Of all the things teenage girls are into, being a kosher supervisor isn’t one of them. Unless you’re a student at Meira Academy, an all-girls Orthodox high school housed at the Oshman Family JCC in Palo Alto.
Recently, the café at the JCC began serving kosher sushi — and it’s the girls of Meira Academy who are behind it.
No, they haven’t become sushi chefs. However, they have become experts in kosher supervision and are overseeing the preparation of the sushi by a professional sushi chef. The girls’ job is to make sure the Japanese fare meets strict kashrut standards.
And how did this come about? In large part, it’s because the students at 2-year-old Meira Academy had never been able to eat lunch at the JCC’s non-kosher café.
“It really bothered me that the girls couldn’t buy lunch, that they couldn’t feel completely at home on their school’s campus,” said Rabbi Joey Felsen, executive director of the Jewish Study Network and founding president of the school.
This summer, it occurred to Felsen that having the school partner with the JCC would accomplish several things at once: bringing a kosher option to the Café on the Square, educating the girls about the laws of kashrut and serving the local Jewish community.
“This really turns Meira Academy from renters to part of the community,” noted Randi Brenowitz, the JCC’s chief human resources officer. “And what’s great for the girls, is it integrates their learning with their doing.”
The sushi is being sold by Haute Cuisine, the company that has the concession at the café, and this operation is different than what’s going on at the JCC of San Francisco, which recently has begun selling kosher sushi from L’Chaim Sushi.
In Palo Alto, the Meira Academy students volunteer their time in supervising the sushi’s preparation, and they take no financial cut of the profits.
“It really just takes five minutes of our day, but we are making a real impact on the community,” said 10th-grader Judith Sherbin. “Sure, we’re partly motivated by self-interest. Having the kosher sushi available is good for us and our teachers. But we really look at it as though we are supplying something to the wider Jewish community.”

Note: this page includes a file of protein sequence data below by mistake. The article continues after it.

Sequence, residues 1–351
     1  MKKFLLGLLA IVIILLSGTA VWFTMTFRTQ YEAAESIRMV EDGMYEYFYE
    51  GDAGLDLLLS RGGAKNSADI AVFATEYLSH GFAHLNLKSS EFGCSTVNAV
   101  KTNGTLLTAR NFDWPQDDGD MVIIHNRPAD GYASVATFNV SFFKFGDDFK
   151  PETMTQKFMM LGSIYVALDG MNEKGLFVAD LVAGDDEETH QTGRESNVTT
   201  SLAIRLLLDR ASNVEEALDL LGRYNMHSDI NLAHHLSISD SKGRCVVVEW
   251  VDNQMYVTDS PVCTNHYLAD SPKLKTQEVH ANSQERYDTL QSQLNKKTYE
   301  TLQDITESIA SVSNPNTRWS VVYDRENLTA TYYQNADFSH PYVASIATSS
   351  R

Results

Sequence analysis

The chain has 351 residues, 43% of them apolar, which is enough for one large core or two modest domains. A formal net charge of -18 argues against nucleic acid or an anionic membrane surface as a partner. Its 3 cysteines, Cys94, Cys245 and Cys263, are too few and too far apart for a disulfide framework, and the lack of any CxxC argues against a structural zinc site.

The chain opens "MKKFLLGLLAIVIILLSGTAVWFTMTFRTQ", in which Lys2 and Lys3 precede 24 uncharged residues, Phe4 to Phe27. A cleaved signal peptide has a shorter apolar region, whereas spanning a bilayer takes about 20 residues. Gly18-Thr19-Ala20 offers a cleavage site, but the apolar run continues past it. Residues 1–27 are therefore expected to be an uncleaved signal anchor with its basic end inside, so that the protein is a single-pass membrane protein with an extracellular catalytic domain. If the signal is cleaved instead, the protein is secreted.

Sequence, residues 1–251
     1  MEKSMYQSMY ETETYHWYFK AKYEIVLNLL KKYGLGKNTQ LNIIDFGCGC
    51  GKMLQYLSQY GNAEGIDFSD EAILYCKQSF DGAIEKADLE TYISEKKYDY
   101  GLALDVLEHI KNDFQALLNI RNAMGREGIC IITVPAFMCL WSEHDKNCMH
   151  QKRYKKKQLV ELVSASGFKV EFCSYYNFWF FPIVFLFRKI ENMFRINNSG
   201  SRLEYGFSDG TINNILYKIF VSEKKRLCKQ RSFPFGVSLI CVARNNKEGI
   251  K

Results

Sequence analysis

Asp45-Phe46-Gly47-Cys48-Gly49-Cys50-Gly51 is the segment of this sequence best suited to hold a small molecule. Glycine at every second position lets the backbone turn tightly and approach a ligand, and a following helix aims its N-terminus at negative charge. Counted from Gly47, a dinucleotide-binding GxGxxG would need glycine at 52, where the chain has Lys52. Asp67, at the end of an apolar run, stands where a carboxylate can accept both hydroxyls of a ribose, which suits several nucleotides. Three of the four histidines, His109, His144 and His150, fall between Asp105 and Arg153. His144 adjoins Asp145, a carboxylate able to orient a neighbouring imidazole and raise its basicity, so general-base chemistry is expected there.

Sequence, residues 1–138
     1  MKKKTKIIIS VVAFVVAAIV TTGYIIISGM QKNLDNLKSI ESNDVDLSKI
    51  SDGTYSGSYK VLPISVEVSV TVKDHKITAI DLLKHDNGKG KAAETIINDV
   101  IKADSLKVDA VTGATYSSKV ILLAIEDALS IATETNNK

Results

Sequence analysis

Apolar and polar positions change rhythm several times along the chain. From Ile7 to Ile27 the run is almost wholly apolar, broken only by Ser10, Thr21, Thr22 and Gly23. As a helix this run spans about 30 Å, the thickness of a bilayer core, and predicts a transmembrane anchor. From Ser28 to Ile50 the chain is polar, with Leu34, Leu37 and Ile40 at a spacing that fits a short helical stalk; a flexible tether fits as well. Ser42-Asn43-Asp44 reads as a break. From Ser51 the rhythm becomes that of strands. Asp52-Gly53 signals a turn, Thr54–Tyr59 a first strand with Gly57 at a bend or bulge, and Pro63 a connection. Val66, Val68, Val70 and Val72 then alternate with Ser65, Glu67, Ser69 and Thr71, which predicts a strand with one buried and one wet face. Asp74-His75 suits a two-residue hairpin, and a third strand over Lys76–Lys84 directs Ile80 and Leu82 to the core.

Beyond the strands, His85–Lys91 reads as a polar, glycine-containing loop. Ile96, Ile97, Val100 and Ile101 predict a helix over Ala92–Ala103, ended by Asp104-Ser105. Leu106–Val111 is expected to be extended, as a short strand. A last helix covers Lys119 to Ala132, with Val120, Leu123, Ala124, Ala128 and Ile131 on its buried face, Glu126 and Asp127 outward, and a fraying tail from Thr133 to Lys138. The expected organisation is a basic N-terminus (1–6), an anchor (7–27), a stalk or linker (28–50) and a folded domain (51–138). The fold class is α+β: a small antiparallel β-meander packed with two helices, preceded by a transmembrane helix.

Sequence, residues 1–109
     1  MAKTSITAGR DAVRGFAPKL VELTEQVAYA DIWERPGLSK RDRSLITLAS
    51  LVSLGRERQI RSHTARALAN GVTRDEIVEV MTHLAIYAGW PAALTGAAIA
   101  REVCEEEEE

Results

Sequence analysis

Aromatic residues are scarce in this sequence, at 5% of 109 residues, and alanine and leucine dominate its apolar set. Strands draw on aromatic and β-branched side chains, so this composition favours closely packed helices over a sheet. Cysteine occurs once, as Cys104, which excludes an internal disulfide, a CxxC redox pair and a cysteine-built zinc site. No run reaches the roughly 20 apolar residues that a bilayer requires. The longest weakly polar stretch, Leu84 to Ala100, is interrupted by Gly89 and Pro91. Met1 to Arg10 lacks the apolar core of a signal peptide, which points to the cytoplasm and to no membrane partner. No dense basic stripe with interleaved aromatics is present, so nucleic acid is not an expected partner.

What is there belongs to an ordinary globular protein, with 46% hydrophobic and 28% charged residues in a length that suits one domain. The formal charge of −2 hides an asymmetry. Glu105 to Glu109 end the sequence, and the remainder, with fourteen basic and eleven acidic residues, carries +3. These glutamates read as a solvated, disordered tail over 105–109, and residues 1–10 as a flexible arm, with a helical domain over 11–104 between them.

So far, seven of the school’s 18 students have been supervising the sushi preparation on a rotating basis. Although there are a small number of female **mashgichim (kosher supervisors) around the country, Devorah Lewis, Meira’s Jewish studies principal, is fairly sure that no other Jewish girls high school has such a program.
Learning what to look out for is not hard for the girls, all of whom come from kashrut-observant homes. Tenth-grader Chana Crystal’s father is a kosher supervisor and the manager of a kosher deli in Denver. “We’re all pretty knowledgeable and know what to look for,” she said.
The girls don’t actually order the fish, but they have other responsibilities. For example, 11th-grader Sarah Spiro has checked shipments for kashrut certification markings, made sure all the ingredients that will go in to the sushi are kosher and plugged in the rice cooker. (In a kosher kitchen, a Jew must turn on the oven or other source of heat for cooking.)
So far, diners can choose from vegetarian rolls, tuna rolls, salmon rolls and Philadelphia rolls, ranging from $7 to $10.
“It’s been selling out every day,” Sarah said proudly. “The kids from Kehillah [Jewish High School] from across the street like it. So do the people coming from the gym.”
Will the girls start branching out to other kosher foods?
“Right now we’ll just stick to sushi,” Sarah said as she ran off to class.